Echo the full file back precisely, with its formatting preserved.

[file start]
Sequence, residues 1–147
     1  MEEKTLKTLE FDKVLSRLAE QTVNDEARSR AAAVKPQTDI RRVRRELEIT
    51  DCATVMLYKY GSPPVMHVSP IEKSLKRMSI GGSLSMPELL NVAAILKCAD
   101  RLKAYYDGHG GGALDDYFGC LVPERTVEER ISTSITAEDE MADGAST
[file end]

Sequence, residues 1–147
     1  MEEKTLKTLE FDKVLSRLAE QTVNDEARSR AAAVKPQTDI RRVRRELEIT
    51  DCATVMLYKY GSPPVMHVSP IEKSLKRMSI GGSLSMPELL NVAAILKCAD
   101  RLKAYYDGHG GGALDDYFGC LVPERTVEER ISTSITAEDE MADGAST